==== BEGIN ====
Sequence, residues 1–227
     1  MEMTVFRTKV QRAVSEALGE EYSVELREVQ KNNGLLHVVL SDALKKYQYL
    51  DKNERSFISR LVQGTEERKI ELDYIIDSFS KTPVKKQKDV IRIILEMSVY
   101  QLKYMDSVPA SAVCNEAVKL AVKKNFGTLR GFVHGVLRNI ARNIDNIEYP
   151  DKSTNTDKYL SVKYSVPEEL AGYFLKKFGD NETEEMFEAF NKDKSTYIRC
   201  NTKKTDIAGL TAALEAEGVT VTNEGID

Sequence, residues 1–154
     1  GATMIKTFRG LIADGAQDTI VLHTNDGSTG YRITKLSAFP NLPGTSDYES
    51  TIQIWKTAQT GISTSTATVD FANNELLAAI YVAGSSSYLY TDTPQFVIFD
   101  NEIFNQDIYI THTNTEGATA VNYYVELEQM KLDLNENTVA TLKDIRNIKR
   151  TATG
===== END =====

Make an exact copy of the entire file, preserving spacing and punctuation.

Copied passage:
Sequence, residues 1–227
     1  MEMTVFRTKV QRAVSEALGE EYSVELREVQ KNNGLLHVVL SDALKKYQYL
    51  DKNERSFISR LVQGTEERKI ELDYIIDSFS KTPVKKQKDV IRIILEMSVY
   101  QLKYMDSVPA SAVCNEAVKL AVKKNFGTLR GFVHGVLRNI ARNIDNIEYP
   151  DKSTNTDKYL SVKYSVPEEL AGYFLKKFGD NETEEMFEAF NKDKSTYIRC
   201  NTKKTDIAGL TAALEAEGVT VTNEGID

Sequence, residues 1–154
     1  GATMIKTFRG LIADGAQDTI VLHTNDGSTG YRITKLSAFP NLPGTSDYES
    51  TIQIWKTAQT GISTSTATVD FANNELLAAI YVAGSSSYLY TDTPQFVIFD
   101  NEIFNQDIYI THTNTEGATA VNYYVELEQM KLDLNENTVA TLKDIRNIKR
   151  TATG